Feldspar weathering as the key to understanding soil acidification monitoring data; a study of acid sandy soils in the Netherlands
Mol, G. ; Vriend, S.P. ; Gaans, P.F.M. van - \ 2003
Chemical Geology 202 (2003)39541. - ISSN 0009-2541 - p. 417 - 441.
atmospheric deposition - woodland soils - forest soil - compositional variation - geochemical record - aluminum - water - ecosystem - rates - neutralization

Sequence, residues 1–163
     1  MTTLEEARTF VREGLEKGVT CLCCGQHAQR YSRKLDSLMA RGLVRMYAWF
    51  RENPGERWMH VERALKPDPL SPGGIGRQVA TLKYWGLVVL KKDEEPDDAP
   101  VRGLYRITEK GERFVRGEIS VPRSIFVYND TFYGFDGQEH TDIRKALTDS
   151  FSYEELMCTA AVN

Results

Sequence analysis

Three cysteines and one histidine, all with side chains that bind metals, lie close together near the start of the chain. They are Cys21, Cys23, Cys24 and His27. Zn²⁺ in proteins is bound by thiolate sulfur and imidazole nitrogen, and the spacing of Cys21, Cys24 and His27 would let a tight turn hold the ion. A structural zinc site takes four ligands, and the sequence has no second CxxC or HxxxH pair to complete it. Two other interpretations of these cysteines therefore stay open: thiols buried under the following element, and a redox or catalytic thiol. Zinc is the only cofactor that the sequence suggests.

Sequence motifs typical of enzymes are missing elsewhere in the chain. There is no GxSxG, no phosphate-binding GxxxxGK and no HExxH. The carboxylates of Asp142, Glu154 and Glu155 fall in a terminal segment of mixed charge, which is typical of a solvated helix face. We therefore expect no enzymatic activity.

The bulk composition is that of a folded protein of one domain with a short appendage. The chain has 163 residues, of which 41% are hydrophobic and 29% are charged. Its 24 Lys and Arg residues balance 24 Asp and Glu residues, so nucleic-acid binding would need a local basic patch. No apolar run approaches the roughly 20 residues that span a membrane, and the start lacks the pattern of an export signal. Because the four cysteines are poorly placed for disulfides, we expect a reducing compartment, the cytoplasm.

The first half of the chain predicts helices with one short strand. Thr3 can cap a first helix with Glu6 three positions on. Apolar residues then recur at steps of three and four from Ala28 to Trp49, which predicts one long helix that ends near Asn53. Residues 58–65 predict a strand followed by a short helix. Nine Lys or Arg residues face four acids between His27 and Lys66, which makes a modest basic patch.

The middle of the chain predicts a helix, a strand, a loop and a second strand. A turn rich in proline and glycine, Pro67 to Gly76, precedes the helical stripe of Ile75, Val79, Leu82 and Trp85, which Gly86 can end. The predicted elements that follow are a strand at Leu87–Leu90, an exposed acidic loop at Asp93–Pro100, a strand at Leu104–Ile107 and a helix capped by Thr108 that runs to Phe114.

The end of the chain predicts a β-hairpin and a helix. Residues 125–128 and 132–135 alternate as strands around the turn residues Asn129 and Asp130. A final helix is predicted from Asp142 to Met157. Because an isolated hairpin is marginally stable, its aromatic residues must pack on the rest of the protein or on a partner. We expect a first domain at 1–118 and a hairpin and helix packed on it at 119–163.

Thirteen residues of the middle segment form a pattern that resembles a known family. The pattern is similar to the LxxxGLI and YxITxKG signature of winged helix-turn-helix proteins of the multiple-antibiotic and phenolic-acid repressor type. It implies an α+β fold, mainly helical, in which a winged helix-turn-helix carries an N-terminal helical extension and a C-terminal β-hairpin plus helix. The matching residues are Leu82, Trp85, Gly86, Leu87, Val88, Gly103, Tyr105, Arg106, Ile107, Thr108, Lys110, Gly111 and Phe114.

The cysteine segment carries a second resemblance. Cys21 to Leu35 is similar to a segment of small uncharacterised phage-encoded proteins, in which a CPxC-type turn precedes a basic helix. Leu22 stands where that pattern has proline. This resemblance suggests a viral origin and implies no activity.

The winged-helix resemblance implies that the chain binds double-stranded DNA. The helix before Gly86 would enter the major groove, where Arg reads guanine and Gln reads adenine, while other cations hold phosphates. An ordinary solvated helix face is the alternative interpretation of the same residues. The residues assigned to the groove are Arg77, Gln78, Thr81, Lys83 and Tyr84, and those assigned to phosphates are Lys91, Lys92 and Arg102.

Monitoring activities pose special demands on the type of survey results needed. In the early 1990s a soil acidification monitoring methodology was adopted in the Netherlands that leaned heavily on methods developed in more fundamental research, most notably the use of proton budgets. Consequently, various controversies still not resolved in the scientific debate reflect on the current practice of soil acidity monitoring and complicate interpretation of the monitoring results. In a pilot study we address the most pressing issues: capacity versus intensity parameters, choice of monitoring objective, and natural variation in the compartment to be monitored. Focus is on the major source of buffering, the possible usefulness of the historic approach, and the regional patterns present in the sandy soils of the Netherlands. In a field campaign 92 locations in sandy regions all over the country were sampled at two depths. The solid phase, the displaced soil solution, and solid phase extractions with 0.01 M CaCl2 and 0.43 M HNO3, for the 184 samples were analyzed by a variety of methods. Aluminum release is the major source of buffering and is shown to contribute substantially to acid buffering already under natural conditions. The predominant Al bearing phases in Dutch sandy soils are feldspars and secondary Al minerals; feldspars are found to be the determinative phase in acid buffering. Application of the historic approach using the subsoil as a proxy for the initial composition of the topsoil proved feasible for this regional dataset. The average depletion of the ANC(s) of 230 mmolc kg¿1 in the topsoil matches well with estimates of the total proton load since the last ice age, with the anthropogenic contribution being between 20% and 50%. Fuzzy c-means cluster analyses of the solid phase and soil solution data show a distinct regionality that was also reflected in the parameters generally used to indicate the acidity status of soils, ¿ANC(s) and Al/BC ratios. A combined insight into both solid phase and soil solution, based on a comprehensive set of parameters, proves essential for interpreting soil acidity monitoring data.